Food, drink giants plot fightback as rules tighten

India is alarmed by rising obesity levels in youth.

India is alarmed by rising obesity levels in youth.  

India’s idea of ‘fat tax’ on ‘junk’ food worries foreign chains

Several food and drink multinationals and trade groups met in recent weeks to discuss how to lobby more effectively against Indian proposals for higher taxes and stricter labelling rules on fatty or sugary foods, sources familiar with the talks said.

According to officials, Prime Minister Narendra Modi’s administration has begun to look closely at policy proposals under discussion since at least 2015, raising concerns over the possible impact on the $57 billion sector.

Alarmed by rising rates of obesity and diabetes, India plans to frame draft rules within a month requiring manufacturers to display the fat, sugar and salt content of products on packaging. It is also considering a nationwide “fat tax” for so-called “junk foods,” a senior government official said, although that is unlikely to be rolled out in the near-term.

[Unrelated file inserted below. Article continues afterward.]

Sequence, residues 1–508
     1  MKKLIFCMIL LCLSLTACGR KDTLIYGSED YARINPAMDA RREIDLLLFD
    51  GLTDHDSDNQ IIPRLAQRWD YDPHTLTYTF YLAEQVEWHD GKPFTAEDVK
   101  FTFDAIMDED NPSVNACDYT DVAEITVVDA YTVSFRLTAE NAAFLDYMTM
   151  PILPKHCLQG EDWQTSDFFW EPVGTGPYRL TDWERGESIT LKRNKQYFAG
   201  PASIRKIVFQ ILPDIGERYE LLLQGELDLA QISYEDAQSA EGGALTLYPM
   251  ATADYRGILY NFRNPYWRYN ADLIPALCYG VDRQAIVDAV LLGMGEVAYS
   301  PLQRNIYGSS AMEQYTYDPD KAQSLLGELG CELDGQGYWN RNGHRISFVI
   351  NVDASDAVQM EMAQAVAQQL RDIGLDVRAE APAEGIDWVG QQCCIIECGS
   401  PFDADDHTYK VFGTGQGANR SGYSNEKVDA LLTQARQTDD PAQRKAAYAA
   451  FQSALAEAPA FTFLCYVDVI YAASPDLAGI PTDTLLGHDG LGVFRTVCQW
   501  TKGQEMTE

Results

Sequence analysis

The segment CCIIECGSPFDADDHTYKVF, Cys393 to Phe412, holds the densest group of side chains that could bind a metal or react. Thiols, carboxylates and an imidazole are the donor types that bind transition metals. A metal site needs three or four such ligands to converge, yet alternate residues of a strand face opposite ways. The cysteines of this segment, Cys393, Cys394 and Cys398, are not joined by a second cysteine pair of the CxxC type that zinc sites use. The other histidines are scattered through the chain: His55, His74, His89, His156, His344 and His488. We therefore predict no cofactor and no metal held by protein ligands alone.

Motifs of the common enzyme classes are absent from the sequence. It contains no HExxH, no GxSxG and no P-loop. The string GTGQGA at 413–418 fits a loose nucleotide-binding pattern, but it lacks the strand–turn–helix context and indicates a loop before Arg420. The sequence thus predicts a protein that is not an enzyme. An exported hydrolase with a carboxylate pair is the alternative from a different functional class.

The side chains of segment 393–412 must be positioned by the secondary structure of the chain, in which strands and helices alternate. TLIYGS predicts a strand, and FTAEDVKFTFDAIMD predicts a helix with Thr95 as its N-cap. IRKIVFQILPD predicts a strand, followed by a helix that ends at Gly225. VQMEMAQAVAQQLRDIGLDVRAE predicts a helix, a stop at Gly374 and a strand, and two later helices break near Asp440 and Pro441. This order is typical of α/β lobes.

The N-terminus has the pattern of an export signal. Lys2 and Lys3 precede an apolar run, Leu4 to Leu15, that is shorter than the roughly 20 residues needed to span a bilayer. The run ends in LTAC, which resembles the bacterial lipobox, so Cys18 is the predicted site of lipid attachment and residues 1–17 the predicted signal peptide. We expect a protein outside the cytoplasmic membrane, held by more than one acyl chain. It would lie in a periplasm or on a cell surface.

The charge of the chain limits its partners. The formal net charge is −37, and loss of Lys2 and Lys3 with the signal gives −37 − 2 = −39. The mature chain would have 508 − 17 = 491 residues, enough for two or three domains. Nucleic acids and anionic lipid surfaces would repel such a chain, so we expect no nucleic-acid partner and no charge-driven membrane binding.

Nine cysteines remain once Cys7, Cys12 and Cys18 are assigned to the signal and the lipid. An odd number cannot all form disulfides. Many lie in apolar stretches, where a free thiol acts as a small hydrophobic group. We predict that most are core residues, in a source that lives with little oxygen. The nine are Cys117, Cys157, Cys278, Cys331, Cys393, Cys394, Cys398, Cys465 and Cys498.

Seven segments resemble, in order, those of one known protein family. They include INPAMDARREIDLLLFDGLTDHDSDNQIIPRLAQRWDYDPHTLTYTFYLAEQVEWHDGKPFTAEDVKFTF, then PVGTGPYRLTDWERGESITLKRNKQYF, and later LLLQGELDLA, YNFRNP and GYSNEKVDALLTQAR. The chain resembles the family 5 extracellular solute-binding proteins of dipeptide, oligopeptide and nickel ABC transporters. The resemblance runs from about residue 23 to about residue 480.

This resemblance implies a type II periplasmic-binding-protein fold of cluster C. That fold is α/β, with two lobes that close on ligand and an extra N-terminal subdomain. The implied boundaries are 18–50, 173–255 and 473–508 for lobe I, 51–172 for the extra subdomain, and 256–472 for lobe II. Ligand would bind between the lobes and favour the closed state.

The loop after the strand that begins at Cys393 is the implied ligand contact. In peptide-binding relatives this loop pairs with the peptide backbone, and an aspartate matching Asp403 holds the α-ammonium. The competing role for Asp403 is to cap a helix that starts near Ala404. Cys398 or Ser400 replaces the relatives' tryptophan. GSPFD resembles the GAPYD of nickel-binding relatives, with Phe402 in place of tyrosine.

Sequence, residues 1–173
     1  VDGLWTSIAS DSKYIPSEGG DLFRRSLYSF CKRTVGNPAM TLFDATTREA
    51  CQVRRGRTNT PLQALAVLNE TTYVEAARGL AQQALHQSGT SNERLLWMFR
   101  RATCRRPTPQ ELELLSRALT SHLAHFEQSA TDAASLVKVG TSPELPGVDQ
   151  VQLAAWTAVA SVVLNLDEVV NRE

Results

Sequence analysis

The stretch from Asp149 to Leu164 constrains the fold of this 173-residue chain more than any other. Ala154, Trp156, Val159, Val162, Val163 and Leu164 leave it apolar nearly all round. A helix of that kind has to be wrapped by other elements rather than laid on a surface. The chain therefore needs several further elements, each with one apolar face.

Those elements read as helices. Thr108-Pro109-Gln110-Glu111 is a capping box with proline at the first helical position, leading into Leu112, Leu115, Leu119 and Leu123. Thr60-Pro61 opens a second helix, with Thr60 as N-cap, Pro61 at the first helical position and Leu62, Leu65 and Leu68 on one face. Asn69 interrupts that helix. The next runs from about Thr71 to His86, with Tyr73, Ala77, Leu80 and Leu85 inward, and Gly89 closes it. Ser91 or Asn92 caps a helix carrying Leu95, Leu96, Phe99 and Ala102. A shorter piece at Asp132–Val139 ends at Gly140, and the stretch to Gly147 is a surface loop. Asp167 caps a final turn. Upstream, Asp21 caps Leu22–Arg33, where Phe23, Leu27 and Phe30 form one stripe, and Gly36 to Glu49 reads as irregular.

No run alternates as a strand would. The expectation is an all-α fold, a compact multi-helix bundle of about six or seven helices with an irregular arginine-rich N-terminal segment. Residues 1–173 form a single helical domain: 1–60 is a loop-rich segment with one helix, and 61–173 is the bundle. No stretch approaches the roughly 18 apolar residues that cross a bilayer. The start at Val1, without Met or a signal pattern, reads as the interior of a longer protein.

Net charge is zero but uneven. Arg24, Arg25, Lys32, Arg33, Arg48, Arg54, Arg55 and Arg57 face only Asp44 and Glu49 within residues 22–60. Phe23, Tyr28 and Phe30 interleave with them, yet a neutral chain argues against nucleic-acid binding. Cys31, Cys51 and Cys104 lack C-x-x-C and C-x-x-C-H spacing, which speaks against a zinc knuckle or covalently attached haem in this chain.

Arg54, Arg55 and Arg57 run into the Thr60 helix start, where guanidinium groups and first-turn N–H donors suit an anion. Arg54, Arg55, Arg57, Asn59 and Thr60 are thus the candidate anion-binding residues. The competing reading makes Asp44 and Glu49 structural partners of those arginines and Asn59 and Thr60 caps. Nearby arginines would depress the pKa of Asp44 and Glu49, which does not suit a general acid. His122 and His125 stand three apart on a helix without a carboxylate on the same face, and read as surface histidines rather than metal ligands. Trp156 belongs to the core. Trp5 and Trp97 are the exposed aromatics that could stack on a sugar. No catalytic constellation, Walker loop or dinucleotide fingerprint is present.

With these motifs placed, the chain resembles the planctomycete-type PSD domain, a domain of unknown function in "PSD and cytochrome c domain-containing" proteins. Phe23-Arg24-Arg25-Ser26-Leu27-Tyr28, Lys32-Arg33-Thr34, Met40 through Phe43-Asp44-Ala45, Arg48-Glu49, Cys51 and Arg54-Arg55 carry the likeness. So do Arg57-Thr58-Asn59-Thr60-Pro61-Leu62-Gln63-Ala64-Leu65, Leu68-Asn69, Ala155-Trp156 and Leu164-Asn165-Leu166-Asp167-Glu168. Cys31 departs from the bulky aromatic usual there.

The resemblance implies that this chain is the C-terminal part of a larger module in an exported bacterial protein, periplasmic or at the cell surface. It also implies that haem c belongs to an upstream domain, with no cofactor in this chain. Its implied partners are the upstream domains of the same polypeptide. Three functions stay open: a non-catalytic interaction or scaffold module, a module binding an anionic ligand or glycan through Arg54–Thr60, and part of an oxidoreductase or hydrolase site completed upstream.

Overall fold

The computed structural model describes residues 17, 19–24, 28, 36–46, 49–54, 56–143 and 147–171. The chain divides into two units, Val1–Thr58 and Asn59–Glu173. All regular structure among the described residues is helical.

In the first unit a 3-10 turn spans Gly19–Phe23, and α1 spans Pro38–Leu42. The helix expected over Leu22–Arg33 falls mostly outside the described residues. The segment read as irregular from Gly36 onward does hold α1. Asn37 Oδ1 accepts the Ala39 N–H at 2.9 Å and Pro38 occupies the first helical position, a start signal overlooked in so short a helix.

Last month, executives from companies including PepsiCo , Nestle and Indian consumer firm ITC met trade groups in New Delhi to coordinate efforts and urge the Centre to resist pressure from health advocates, according to a source aware of the meeting.

The attendees, who felt their efforts to push back had been too piecemeal, talked about forming a core group to unify their message when engaging the government, the source said.

PepsiCo and Nestle in India did not comment directly on the meeting or its outcome. ITC did not respond to requests for comment.

All India Food Processors’ Association, whose members range from street vendors to global conglomerates, said two industry-wide meetings were held in the month of February.

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Printable version | Jul 15, 2020 10:59:10 AM |

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